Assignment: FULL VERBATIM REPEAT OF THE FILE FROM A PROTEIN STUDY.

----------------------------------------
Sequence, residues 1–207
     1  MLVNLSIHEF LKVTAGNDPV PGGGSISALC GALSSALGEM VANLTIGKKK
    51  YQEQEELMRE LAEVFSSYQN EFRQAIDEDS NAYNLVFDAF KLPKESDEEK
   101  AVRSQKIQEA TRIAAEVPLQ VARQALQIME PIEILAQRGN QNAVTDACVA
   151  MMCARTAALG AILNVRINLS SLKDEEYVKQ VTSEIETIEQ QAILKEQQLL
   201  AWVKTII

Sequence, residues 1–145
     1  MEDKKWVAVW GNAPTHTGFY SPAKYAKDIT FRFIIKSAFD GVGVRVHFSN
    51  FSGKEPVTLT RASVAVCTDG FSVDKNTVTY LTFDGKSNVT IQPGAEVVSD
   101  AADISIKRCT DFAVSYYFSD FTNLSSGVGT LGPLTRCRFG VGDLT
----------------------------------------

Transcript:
Sequence, residues 1–207
     1  MLVNLSIHEF LKVTAGNDPV PGGGSISALC GALSSALGEM VANLTIGKKK
    51  YQEQEELMRE LAEVFSSYQN EFRQAIDEDS NAYNLVFDAF KLPKESDEEK
   101  AVRSQKIQEA TRIAAEVPLQ VARQALQIME PIEILAQRGN QNAVTDACVA
   151  MMCARTAALG AILNVRINLS SLKDEEYVKQ VTSEIETIEQ QAILKEQQLL
   201  AWVKTII

Sequence, residues 1–145
     1  MEDKKWVAVW GNAPTHTGFY SPAKYAKDIT FRFIIKSAFD GVGVRVHFSN
    51  FSGKEPVTLT RASVAVCTDG FSVDKNTVTY LTFDGKSNVT IQPGAEVVSD
   101  AADISIKRCT DFAVSYYFSD FTNLSSGVGT LGPLTRCRFG VGDLT